With the recent paradigm shift, the future is certainly “electric”! More and more electric options for consumer goods are flooding the market, and are gaining popularity. One such consumer goods is — electric stoves! In this article, we will talk about electric stoves, discuss induction vs. infrared, their good, their bad, and ultimately — which one should you choose?
Induction vs. Infrared Overview
Firstly, an electric stove is a kitchen appliance that uses electricity to generate heat and, well, cook food. On the other hand, traditional stoves rely on various fuel sources such as LPG, wood, coal, etc. Since electric stoves use electricity as the energy source, it is much more clean and environmentally friendly.
There are different types of electric stoves in the Nepali market, including the OG electric clay heater. I believe all of us remember those — and some lucky ones of us have even gotten an electric shock from it. Anyway, I will sadly have to omit this nostalgic heater from the conversation because of its dwindling presence in the market.
After this we have two heavy hitters left — the induction stove, and the infrared stove.
First, let’s get the infrared stove out of the way. Because they are basically a reskinned version of the OG heater I was talking about earlier. They have a coil underneath the ceramic or glass surface that produces infrared radiation when electricity passes through it.
So, what is infrared? It’s basically, light that we cannot see. Even though infrared is invisible, it is not without heating properties. Thus, its utility for an electric stove, and cooking.
Under the hood, an infrared stove has a coil that heats up when electricity is passed through it. And the said heat is then transferred to the stove surface, then your cookware. After this, you cook your food in the heated cookware. As a result, an infrared stove has the following key properties:
- Uses infrared (a form of light) for heating
- Indirect heating (the stove surface heats up and transfers to cookware)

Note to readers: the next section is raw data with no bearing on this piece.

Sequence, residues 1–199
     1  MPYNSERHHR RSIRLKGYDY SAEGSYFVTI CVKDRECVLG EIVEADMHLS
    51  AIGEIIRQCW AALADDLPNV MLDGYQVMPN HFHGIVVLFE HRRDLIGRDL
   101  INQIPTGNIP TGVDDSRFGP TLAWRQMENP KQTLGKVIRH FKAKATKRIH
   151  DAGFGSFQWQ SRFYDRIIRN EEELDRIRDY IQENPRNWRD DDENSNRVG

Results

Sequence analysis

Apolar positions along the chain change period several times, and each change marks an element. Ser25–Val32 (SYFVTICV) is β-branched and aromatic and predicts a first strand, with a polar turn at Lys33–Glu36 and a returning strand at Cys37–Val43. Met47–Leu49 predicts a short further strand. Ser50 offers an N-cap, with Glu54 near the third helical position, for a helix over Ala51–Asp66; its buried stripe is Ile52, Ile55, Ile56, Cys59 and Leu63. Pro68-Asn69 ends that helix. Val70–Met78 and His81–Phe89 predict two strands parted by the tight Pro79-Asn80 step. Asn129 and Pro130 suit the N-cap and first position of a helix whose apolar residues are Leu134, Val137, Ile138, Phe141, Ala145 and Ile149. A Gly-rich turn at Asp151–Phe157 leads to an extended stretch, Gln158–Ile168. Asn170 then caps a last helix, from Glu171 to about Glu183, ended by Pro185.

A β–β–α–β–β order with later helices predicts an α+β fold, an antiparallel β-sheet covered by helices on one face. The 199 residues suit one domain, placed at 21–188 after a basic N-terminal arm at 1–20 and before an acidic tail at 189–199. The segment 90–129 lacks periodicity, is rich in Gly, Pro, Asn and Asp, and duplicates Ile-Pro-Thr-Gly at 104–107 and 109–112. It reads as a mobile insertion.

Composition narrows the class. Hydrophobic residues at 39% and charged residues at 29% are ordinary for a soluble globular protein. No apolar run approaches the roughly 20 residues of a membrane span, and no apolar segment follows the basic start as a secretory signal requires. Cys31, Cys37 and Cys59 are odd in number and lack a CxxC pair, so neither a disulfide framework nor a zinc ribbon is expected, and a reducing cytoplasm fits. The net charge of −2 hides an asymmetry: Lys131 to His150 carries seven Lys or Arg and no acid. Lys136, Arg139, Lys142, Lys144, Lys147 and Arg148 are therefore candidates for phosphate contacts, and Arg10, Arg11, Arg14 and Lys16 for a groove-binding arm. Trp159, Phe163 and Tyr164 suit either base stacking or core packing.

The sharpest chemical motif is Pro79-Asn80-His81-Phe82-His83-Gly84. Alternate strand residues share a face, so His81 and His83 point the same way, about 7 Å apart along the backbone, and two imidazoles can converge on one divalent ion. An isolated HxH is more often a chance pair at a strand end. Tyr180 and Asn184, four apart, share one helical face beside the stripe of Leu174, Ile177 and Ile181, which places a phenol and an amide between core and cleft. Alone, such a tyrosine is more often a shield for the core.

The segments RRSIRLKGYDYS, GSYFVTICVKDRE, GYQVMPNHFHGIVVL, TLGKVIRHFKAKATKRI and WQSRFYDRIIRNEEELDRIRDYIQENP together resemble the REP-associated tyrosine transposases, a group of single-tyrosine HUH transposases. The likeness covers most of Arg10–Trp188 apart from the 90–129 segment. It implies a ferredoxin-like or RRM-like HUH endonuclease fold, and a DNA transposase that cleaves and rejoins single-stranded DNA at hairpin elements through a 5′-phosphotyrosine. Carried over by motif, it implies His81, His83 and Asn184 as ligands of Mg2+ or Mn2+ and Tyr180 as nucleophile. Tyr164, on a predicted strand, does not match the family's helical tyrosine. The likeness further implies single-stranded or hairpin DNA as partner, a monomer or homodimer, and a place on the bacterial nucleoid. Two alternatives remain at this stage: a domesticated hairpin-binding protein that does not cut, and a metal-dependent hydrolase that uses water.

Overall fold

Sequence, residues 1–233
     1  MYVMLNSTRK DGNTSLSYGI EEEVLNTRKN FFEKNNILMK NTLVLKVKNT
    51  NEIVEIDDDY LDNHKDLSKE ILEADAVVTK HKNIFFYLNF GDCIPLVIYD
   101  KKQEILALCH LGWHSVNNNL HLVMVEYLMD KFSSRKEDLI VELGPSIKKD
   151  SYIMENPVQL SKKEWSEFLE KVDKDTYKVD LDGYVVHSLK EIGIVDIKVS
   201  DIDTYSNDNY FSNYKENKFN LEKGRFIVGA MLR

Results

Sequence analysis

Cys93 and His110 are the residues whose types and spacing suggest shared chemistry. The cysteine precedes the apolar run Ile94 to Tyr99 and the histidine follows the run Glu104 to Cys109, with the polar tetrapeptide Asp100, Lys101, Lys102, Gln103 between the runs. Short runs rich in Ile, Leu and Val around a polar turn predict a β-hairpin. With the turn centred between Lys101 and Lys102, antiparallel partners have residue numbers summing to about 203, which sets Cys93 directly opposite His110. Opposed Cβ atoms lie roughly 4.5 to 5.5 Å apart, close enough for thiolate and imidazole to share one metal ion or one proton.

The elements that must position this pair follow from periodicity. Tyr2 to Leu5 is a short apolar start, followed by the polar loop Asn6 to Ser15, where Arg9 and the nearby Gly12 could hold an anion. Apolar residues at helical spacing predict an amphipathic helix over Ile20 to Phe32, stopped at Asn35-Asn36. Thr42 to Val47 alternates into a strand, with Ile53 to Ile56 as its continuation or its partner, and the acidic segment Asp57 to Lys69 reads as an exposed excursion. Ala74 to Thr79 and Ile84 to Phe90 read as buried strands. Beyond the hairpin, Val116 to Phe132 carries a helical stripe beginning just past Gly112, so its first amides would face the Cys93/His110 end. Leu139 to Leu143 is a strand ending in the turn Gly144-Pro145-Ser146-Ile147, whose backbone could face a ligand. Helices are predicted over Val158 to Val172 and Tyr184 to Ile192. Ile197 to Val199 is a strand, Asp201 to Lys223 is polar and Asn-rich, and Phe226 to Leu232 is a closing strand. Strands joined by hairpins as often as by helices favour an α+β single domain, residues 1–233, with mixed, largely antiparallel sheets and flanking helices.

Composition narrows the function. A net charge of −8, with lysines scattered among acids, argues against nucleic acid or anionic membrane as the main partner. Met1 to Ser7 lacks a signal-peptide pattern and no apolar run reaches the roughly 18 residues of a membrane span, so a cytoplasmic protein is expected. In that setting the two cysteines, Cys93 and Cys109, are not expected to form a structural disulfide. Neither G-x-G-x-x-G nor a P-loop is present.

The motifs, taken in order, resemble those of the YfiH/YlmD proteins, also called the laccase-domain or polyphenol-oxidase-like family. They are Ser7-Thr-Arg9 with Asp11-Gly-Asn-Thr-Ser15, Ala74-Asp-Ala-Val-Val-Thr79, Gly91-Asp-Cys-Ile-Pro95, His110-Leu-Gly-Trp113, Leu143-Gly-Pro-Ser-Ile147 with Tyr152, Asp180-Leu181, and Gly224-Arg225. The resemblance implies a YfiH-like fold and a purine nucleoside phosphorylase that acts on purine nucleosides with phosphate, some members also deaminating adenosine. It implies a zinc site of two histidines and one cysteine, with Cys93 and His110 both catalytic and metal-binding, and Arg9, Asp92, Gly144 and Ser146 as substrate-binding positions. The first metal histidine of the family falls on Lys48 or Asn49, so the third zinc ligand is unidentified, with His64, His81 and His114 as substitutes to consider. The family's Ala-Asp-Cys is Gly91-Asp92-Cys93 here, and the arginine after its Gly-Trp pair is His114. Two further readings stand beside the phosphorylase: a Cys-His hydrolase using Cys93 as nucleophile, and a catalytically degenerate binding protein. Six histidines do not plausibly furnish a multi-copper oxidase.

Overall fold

- You can use any utensils on it
- Produces residual heat (light as well)
Now, an induction stove may look identical to an infrared stove, but its working mechanism is absolutely different! Where an infrared stove uses infrared radiation for heating, an induction stove uses magnetism or magnetic induction.
So, what’s going on is that an induction cooker also has a coil underneath its surface. But, when electricity is passed through it, the coil effectively turns into an electromagnet and produces a magnetic field instead of heat or infrared.
Then a cookware placed on top of it reacts to the magnetic field created by the coil and heats up. This is why an induction stove requires a utensil made of magnetic metal like iron or stainless steel. And yes! The heat is produced in the cookware itself on an induction stove rather than being transferred from an external source like the stove surface. Therefore, an induction stove has the following characteristics:
- Uses magnetic field
- You can only use utensils made out of magnetic metals
- The utensil itself heats up instead of the stove surface
- No residual heat or light is produced
Induction Stove vs. Infrared Stove
Now let’s get into the
burning “heating” question! (Get it? Because there is no flame to burn. LOL!) Which one is better? Well, it depends on what matters the most to you. If I am to answer the question in one sentence — if you want versatility go for an infrared, and if you are looking for efficiency then induction is your guy.
Infrared Stove: Pros and Cons